Media Production

The 10 Keys To Shooting A Great Video Interview

Experts called 2015 “The Year of Online Video” and there’s no sign of it letting up now – even years later. Short videos have become the most popular and effective way to tell the story of products, organizations, and ideas. 2-4 minute videos can be powerfully compelling ways to tell a story, but in many cases, when they involve interviewing people, they fall flat. Interviews with fascinating people can be the key to many successful video presentations, but most video interviews are boring, without emotion, and pointless. Here’s 10 keys to shooting more effective interviews – the kind of interviews that get a response from viewers:

1. Be as lean and mean as possible.  The bigger the set-up, the more nervous an interviewee becomes. Director and DP Brad Knull once shot an interview with a very nervous grandmother. He walked in, realized the light from the window was sufficient, so just sat the camera on his lap and started rolling. She never realized the TV interview was happening, and as a result, she was comfortable, enjoyed it, and was brilliant. Don’t let your great production capability get in the way of a fantastic story.

2. If possible, do a pre-interview.  Pre-interviews help make sure you’re getting the best and most articulate interview subjects. You’ll discover that very often, the most intelligent, talented, or famous people don’t make good interview subjects. A simple pre-interview on the phone can keep you from wasting money shooting a terrible segment.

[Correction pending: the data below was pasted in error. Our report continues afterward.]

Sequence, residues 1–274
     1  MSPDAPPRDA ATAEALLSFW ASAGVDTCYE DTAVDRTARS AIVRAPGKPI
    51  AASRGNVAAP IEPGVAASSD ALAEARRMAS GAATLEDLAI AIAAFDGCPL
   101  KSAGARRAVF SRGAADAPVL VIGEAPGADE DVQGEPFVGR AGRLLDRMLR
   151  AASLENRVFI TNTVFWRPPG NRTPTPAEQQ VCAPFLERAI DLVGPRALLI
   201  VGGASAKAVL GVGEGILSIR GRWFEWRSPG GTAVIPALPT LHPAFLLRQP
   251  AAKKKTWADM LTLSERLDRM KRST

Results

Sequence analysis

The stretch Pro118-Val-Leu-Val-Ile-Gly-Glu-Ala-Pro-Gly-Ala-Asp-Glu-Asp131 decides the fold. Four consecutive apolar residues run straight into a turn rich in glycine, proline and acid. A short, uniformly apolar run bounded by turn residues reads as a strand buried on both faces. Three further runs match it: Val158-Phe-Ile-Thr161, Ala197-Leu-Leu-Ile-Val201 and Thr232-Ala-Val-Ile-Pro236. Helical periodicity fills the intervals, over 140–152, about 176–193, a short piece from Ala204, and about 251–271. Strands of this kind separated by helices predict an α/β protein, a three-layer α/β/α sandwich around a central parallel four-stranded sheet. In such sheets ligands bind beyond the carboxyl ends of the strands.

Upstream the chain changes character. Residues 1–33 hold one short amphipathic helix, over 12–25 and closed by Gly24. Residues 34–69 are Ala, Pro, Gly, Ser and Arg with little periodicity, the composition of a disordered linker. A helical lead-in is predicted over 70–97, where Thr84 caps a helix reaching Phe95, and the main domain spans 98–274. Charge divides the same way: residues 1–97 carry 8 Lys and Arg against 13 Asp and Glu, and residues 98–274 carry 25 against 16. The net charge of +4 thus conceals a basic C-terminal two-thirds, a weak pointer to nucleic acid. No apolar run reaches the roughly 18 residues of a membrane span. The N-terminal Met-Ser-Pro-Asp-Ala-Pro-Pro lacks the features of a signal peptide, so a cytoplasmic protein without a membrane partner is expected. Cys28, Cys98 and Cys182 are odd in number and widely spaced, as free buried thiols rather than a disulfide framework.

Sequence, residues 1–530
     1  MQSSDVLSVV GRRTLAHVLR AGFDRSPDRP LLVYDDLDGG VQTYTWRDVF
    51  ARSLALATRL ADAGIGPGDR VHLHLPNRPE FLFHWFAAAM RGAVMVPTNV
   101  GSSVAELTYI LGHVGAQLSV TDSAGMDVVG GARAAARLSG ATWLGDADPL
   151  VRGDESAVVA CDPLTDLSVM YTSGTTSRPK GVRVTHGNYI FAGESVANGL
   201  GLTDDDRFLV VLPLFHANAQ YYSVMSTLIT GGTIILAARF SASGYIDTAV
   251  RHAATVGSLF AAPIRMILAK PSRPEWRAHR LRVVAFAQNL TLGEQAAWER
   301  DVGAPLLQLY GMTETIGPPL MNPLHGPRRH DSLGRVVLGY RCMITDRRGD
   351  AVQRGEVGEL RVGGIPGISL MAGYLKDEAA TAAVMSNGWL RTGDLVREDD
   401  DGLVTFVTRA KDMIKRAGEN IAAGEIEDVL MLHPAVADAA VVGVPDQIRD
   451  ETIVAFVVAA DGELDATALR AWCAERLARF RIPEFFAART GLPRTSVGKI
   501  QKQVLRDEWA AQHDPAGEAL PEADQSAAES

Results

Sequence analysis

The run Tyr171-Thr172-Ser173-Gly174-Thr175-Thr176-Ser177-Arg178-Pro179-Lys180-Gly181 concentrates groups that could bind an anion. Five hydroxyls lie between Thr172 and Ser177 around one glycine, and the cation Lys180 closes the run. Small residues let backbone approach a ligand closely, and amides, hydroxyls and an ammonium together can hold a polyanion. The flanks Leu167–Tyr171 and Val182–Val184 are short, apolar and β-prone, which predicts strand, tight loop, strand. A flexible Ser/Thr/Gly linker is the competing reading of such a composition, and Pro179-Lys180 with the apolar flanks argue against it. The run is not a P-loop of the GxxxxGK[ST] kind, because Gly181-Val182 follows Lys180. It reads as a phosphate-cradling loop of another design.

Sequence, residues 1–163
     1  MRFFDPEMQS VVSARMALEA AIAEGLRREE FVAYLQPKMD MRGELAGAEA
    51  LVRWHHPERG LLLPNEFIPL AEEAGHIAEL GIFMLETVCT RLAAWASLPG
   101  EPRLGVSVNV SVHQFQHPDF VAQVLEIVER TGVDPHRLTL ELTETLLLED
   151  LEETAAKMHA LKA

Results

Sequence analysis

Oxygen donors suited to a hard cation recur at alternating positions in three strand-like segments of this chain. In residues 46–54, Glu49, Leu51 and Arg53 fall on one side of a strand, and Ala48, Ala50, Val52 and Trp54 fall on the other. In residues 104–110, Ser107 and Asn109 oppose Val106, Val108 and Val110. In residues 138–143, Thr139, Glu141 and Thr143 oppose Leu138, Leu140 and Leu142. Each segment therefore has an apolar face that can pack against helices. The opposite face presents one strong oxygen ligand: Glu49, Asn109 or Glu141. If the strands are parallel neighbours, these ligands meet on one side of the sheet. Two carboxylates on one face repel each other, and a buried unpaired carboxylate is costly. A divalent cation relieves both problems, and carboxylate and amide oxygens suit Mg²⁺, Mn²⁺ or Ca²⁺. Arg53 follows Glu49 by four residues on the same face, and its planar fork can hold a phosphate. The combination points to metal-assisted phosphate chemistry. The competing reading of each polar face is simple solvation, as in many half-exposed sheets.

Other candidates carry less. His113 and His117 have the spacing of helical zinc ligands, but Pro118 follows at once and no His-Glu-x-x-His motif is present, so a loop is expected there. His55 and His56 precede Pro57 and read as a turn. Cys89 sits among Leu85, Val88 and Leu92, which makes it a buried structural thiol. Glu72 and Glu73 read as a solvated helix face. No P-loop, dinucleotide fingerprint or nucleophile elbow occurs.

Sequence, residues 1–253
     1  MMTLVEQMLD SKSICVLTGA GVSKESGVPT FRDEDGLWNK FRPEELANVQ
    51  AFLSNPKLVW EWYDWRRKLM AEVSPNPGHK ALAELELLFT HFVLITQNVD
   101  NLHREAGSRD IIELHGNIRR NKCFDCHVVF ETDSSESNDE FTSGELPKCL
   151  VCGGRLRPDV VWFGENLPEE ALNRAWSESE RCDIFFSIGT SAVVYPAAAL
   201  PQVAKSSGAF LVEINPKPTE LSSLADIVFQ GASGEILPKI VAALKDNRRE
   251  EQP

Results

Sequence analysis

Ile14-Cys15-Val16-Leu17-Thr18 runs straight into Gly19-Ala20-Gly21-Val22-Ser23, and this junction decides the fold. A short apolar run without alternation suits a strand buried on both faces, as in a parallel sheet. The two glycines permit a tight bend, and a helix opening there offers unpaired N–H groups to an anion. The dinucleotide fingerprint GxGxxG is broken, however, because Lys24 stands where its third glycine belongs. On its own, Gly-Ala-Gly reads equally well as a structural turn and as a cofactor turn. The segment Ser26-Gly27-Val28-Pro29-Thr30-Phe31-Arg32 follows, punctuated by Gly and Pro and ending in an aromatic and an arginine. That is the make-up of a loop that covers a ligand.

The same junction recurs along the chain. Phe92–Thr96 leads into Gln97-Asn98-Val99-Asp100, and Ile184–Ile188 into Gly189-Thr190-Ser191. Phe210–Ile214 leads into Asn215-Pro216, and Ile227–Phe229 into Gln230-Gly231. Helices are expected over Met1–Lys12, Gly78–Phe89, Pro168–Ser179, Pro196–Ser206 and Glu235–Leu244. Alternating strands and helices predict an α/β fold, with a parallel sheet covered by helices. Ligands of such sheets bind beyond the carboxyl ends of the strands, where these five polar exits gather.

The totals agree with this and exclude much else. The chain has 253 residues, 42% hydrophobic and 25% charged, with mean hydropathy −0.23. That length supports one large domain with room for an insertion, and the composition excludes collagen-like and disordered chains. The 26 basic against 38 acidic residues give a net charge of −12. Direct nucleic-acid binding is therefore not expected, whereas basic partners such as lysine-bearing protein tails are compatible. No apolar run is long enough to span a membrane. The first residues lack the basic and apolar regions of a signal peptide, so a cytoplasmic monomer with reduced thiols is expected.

3. Keep the interviewee out of the room until you’re ready.  The best way to make an interviewee nervous is to let them see the set up ahead of time. Remember they’re not used to production, so this is a big deal to them. I prefer to take them into another room while the crew sets up. Have a coffee. Talk about their kids. Anything to keep them from thinking this is something they should get nervous about.

4. Don’t talk about the subject of the interview until the camera is rolling.  While the crew sets up, I’ve seen producers talk to the interviewee about the segment to the point where the person spills everything before the camera rolls.  So talk to them about the weather, their background, where they grew up – anything but the subject of the interview. Otherwise, when you start rolling, they’ll say, “Well, I’ve already told you everything. I don’t really have anything new to say.”